Ever since I was a little girl, I wanted to be a writer. But my quintessential Indian father thought that was a terrible idea, and well, so did everybody else I knew. Eventually, thanks to nasty teachers and being in the wrong stream (IT engineering), I resigned myself to having a purposeless existence. But after graduation, I could not bring myself to conform any longer. So I dove into the world of writing.

Soon, I discovered that my childhood dream was not something to be taken lightly. Over seven years, I figured out what I wanted to write and why. I even wrote two books and launched a blog. For the first time in my life, I felt that I was making a difference in the world. But then the pandemic came, and everything changed.

Suddenly, I began to feel that I was no longer following my purpose. My contribution to the world did not seem impactful enough. I tried to resist this stream of thought as I knew words are powerful, and mine had certainly helped people. Also, I did not want to rock the career boat after all my struggles. I hoped that this was only a phase brought on by the uncertainty of the pandemic. But as days turned into months, my thoughts remained the same. I took a deep breath and realized that I would have to rediscover my purpose all over again. 

The prospect of starting all over again was daunting. Plus, I had never heard of anyone needing to rediscover purpose. But on introspection and research, it became clear that this was normal, just not talked about as often as it should. As people change and evolve, so does their purpose. Once I accepted this fact, I set out to rediscover my purpose. I did it by following the steps below.  

1. Adopt a beginner’s mindset

As the term indicates, a beginner’s mindset is all about seeing things through the eyes of a beginner. In this context, you need to explore your interests and values as if you are doing it for the very first time. Disregard your likes, dislikes, biases, and opinions about yourself and the world in general. Let go of all your professional knowledge so that your mind is like a clean slate. 

This is easier said than done, but you need to get in this headspace. For example, I used to believe that writing is my sole purpose in life. Even when I was not feeling that way anymore, I found it hard not to cling to this belief. Once I let go of it, I felt like I had a world of possibilities. And I’m sure you will feel the same when you adopt a beginner’s mindset.

“Life is what happens to you while you’re busy making other plans.” Allen Saunders

2. Take a couple of career tests

Now that you have a beginner’s mindset, this step should be easier for you. Pretend that you are a graduate student who has no idea what you want to do in life. Then go ahead and take a couple of career assessment tests. Take 3-5 tests and save the results of each. Each test will show you a bunch of careers that might be a good fit for you. Zero in on career choices that interest you and career choices that show up repeatedly. Make sure you focus on the change you want to make in the world instead of the usual ‘follow your passion’ cliche.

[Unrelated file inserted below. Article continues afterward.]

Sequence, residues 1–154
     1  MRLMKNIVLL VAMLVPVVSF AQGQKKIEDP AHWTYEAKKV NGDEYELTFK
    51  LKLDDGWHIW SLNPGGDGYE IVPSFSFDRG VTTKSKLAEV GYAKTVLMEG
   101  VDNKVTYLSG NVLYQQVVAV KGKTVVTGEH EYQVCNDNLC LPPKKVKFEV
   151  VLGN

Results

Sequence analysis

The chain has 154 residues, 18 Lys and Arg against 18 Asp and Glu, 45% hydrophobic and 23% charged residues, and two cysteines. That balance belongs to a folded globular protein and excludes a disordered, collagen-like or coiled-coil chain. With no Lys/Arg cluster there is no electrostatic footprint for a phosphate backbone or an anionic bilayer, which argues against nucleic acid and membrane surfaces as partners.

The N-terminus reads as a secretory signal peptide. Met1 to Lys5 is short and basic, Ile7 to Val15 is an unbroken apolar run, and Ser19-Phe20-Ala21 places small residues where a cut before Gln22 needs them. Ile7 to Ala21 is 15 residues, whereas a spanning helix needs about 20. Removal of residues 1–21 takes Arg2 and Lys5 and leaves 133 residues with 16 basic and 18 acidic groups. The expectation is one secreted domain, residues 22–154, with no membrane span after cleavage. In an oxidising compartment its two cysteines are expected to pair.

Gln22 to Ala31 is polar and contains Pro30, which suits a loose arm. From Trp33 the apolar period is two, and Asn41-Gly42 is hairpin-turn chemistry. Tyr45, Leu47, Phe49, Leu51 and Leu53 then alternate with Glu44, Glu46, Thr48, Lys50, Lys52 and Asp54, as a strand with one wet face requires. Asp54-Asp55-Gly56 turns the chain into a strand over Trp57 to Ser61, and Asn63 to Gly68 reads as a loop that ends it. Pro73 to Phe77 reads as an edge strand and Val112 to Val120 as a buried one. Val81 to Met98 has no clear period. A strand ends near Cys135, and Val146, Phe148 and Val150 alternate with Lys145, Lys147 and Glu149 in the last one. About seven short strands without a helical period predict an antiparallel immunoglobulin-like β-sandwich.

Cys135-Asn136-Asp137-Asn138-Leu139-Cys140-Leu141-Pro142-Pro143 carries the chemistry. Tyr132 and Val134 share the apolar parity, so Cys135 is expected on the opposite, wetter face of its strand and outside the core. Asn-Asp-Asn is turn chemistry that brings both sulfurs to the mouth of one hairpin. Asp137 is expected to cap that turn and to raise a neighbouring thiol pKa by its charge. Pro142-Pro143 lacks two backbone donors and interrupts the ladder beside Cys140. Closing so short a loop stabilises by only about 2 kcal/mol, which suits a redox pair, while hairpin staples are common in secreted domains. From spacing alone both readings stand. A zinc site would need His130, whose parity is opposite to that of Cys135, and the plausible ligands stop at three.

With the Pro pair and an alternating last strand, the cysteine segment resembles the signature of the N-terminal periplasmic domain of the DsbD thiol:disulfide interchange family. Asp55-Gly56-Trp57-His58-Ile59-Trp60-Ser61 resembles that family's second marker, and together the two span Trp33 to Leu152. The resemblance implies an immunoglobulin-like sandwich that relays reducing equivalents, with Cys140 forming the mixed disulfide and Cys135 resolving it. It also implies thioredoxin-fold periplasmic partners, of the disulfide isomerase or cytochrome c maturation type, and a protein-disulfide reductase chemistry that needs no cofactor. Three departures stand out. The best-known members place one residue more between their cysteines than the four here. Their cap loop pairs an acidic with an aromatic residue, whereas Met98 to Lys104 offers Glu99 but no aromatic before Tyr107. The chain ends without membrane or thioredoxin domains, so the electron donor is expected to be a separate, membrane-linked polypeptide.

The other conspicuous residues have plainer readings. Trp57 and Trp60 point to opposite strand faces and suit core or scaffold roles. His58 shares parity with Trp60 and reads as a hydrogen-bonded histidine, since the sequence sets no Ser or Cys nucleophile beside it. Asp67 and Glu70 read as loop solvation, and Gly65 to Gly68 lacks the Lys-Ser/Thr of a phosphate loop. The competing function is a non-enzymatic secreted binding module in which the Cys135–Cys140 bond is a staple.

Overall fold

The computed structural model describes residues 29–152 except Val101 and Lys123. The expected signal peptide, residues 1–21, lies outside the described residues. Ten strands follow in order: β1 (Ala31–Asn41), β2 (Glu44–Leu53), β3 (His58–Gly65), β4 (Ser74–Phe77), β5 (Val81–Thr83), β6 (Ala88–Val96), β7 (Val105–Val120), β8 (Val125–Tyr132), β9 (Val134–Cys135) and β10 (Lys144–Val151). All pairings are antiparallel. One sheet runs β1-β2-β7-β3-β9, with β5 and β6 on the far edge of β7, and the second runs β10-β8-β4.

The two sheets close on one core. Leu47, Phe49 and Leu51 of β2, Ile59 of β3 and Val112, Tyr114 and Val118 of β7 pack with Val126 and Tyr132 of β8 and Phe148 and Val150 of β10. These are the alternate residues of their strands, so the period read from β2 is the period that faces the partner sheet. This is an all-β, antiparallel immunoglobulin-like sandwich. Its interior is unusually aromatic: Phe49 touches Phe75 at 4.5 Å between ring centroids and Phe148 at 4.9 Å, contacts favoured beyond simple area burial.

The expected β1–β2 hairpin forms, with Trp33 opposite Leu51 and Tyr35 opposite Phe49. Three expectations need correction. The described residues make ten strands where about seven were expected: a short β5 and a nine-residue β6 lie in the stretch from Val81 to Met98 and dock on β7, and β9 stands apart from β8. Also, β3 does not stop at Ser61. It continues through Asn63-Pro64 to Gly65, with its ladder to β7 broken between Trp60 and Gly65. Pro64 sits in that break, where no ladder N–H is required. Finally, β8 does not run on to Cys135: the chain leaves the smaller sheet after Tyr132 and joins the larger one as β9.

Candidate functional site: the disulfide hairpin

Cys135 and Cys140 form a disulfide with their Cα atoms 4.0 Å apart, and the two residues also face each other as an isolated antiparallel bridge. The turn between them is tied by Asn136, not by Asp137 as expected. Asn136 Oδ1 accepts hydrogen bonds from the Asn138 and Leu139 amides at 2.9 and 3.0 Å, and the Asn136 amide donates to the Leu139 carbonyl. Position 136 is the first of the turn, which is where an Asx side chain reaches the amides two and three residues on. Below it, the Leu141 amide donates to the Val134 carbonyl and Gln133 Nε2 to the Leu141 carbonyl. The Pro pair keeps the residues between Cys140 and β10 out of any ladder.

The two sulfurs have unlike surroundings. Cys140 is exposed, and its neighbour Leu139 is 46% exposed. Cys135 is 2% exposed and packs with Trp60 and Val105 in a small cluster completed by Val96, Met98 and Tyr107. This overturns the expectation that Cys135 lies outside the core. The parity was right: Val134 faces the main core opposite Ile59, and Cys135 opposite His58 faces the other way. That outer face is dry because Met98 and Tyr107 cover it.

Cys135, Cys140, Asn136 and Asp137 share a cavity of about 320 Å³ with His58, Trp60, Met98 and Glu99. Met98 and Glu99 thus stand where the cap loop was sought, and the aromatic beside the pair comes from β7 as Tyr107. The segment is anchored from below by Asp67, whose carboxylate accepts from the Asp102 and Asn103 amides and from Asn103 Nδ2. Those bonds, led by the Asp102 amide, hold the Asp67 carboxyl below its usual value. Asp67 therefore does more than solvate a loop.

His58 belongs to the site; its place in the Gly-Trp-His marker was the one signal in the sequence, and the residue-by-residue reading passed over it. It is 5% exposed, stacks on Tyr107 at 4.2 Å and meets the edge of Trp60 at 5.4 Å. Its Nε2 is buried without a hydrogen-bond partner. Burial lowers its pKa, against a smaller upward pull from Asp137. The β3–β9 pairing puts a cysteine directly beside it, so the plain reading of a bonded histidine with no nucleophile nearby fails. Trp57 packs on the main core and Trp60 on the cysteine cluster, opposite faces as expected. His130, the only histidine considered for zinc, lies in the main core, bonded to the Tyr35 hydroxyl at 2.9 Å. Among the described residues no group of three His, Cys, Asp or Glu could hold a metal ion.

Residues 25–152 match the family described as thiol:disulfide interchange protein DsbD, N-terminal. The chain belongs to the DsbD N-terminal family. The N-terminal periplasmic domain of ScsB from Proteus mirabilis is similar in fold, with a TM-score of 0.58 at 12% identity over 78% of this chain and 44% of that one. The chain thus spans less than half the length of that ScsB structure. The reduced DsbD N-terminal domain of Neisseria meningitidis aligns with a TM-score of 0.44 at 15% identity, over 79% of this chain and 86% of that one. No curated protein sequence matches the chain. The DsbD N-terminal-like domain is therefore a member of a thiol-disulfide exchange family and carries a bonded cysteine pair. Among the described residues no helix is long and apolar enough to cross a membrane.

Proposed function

Once you do this, you will have a list of potential careers that you are likely to excel in because you have the required aptitude. You are off to a great start! Now all you have to do is marry your strengths and interests. For this, you have to conduct substantial research on what each career involves regarding job responsibilities and how they align with your interests and personality. Doing so will help you further narrow down your list of professions. For example, if you are an introvert who dislikes attention, and one of your potential careers is actor, it’s not a good fit. Full disclosure: this is the only reason why I had to cross acting off my list. 

3. Write down what you want and what you don’t want

In my experience, career test results can be overwhelming. Like me, you are likely to get a long list of potential careers. Having too many choices can lead to anxiety, confusion, and analysis paralysis. I figured that the best way to deal with this issue is to write things down. So I made a list of things I want and a list of things I don’t want in my professional life.
One of the items on my ‘don’t want’ list stated that I don’t want to work with people with major mental health issues. And one of the items on my ‘want’ list stated that I want to help people with mental health issues. Only after I figured this out could I choose between counseling psychology and clinical psychology. 

4. Listen to your gut instinct

Once you complete the above steps, you should have one or two solid career options in front of you. When you can’t pick one, or if you have a longer list, you know who you should rely on, right? Your gut instinct. Even when you have all the data you need, your gut instinct is powerful and should not be ignored.

Towards the end of my evaluation, I was torn between becoming a counselor and a life coach. Both options change lives for the better. But my gut said I would be far more suited to the field of counseling than coaching. Plus, I always wanted to study psychology. So I have enrolled myself in a Master’s in Counseling Psychology. And now, I can’t wait for classes to begin! 

I hope this four-step process helps you rediscover your purpose in life. And once you do that, make sure you pursue it. Self-motivation helps and so does public accountability. I just did it by making this public declaration. Remember, no one has all the answers, and life is unpredictable. The wisest way to avoid regrets and succeed is to give everything your best shot.

Source: Success